Hitting Coach: Ken Joyce
Defensive Coach: Jose Javier
Catching Coach: Hector Rabago
Athletic Trainer: Michael Sole
Strength & Conditioning Coach: Jeff Dolan

By all accounts Osborn is a rising managerial star in the farm system, which is kinda funny because he’s being moved down from Tampa to Charleston this year. He’s going to have a fun roster. Blake Rutherford, Dermis Garcia, Estevan Florial, Isiah Gilliam, Leonardo Molina, and Hoy Jun Park could all be with the RiverDogs in 2017. It’s not a coincidence the Yankees chose Osborn to work with those prospects. Osborn joined the organization in 2014 after spending several years managing the independent Southern Maryland Blue Crabs.

Joyce is a new addition to the organization. This will be his 21st season coaching in the minors, so he’s been around. Joyce spent the last five years with the Giants. Prior to that he was with the Marlins and Blue Jays. Pope, yet another former Yankees minor leaguer turned coach, returns for a second season as Charleston’s pitching coach. Rabago was a 2009 draft pick by the Yankees and is already in his fourth season as a coach. He’s joining Charleston after spending the last two seasons with rookie Pulaski. Javier, Sole, and Dolan are all new hires.

Short Season Staten Island Yankees

Manager: Julio Mosquera
Pitching Coach: Travis Phelps
Hitting Coach: Kevin Mahoney
Defensive Coach: Teuris Olivares

This will be Mosquera’s third season as a manager and 12th as an instructor with the Yankees. He spent the last two years in the rookie Gulf Coast League, and prior to that, he was the club’s longtime catching coordinator. Mosquera worked with every catching prospect from Frankie Cervelli to Jesus Montero to John Ryan Murphy to Gary Sanchez over the years. Phelps is returning as pitching coach and Mahoney, a former organizational infielder, is moving up from Pulaski. This will be Olivares’ third season in this role.

Rookie Pulaski Yankees

Manager: Luis Dorante
Pitching Coach: Gerardo Casadiego
Hitting Coach: Scott Seabol
Athletic Trainer: Manny Ozoa
Strength & Conditioning Coach: Danny Russo

After spend the last three seasons managing the RiverDogs, Dorante will now lead all the young kids in Pulaski. This is his sixth season in the organization and fourth as a manager. Prior to joining the Yankees, Dorante was the Pirates big league bullpen coach from 2008-10. I know going from Charleston to Pulaski seems like a demotion, but minor league coaches don’t get demoted. They get replaced if they don’t do a good job. Dorante is most likely here because the Yankees want him working with specific players.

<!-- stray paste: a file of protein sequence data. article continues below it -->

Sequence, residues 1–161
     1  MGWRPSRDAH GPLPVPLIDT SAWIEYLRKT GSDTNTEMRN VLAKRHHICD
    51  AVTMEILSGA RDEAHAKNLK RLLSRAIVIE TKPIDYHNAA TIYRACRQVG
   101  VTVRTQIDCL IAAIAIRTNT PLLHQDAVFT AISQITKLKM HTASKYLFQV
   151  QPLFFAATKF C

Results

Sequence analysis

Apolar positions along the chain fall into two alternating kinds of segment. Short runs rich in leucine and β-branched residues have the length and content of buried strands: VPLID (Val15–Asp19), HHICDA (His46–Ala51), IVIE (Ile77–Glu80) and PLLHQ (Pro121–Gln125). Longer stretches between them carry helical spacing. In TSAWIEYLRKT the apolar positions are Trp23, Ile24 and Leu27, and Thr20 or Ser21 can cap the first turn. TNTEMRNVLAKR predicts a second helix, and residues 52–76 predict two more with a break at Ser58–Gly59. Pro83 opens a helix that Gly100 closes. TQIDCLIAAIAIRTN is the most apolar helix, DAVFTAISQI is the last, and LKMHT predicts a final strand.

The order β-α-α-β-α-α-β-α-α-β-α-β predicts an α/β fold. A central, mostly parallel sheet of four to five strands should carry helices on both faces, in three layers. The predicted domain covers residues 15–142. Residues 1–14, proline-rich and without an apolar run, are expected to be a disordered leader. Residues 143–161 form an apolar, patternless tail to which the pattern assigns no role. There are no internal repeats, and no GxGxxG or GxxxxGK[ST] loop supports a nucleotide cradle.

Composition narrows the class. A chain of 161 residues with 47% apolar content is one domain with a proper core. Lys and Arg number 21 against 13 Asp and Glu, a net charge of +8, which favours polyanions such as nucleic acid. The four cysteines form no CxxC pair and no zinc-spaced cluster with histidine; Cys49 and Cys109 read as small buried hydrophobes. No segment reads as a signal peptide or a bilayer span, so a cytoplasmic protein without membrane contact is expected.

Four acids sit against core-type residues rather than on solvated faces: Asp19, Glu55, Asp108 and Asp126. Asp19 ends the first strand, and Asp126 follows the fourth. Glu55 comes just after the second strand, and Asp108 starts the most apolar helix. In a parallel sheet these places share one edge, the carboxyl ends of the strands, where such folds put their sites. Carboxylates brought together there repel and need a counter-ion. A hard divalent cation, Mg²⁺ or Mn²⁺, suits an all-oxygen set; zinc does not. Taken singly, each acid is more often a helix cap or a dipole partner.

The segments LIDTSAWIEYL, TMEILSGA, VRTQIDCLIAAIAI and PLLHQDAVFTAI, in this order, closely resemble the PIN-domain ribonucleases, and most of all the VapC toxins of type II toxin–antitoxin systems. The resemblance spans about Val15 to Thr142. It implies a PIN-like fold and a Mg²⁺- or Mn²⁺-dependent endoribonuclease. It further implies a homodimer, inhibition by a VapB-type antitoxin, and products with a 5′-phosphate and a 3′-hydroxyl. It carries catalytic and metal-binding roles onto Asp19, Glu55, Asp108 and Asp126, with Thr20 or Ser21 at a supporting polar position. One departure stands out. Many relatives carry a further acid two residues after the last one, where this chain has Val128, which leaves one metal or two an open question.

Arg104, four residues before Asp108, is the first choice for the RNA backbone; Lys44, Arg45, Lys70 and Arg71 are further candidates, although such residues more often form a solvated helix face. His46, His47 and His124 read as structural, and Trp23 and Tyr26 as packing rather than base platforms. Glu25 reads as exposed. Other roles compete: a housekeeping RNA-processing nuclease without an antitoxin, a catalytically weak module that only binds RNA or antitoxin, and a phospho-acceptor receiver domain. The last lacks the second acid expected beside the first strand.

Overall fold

Both Casadiego and Seabol are new to Pulaski. Casadiego is making the jump up from the Dominican Summer League, where he was a pitching coach last summer. This is Seabol’s first coaching job. He’s a rookie. You might remember him from that one game he played with the 2001 Yankees. Fun Fact: At the time of his MLB debut, Seabol was the lowest drafted player ever to reach the big leagues*. The Yankees drafted him in the 88th round (!) of the 1996 draft. He was the 1,718th player chosen. Wild. Ozoa is returning to Pulaski and Russo spent last season with Staten Island.

* The lowest drafted player ever to reach the show? That would be Travis Phelps, Staten Island’s pitching coach. Phelps was an 89th round pick in 1996, taken 1,721st overall by the Devil Rays. Three picks after Seabol. Phelps made his MLB debut eleven days after Seabol. The 1996 draft went 100 rounds, though every team other than the Yankees and expansion Devil Rays dropped out by the 84th round. Tampa Bay dropped out after the 97th round, yet the Yankees kept going. Don’t ask me why.

Gulf Coast League Yankees East & West

Managers: Luis Sojo and Nick Ortiz

It is damn near impossible to find information about GCL coaching staffs, but those are the managers this year, according to George King (subs. req’d). Ortiz played a very long time (1991-2012) and all over the world without ever reaching the big leagues. He had been working as a scout with the Yankees, and is now getting into managing.

You know Sojo. He’s had on and off coaching stints in the farm system over the years, including managing High-A Tampa (2006-09, 2011-12) and serving as third base coach with Triple-A Scranton (2014). Sojo was an assistant field coordinator with the big league Yankees in 2015, whatever that means. Also, he managed Double-A Norwich in 2002 before coming out of retirement in 2003 to play with the Yankees after hitting a home run at Old Timers’ Day. Yup.

Miscellaneous

One name you may notice is missing: Tony Franklin. Franklin has spent the last ten seasons managing Trenton (2007-14) and Pulaski (2015-16), and according to Jed Weisberger, he will now be in Tampa full-time as the organization’s position player rehab coach. He’ll work with everyone from rookie ball kids to big leaguers. If a position player is rehabbing in Tampa, Franklin will oversee him.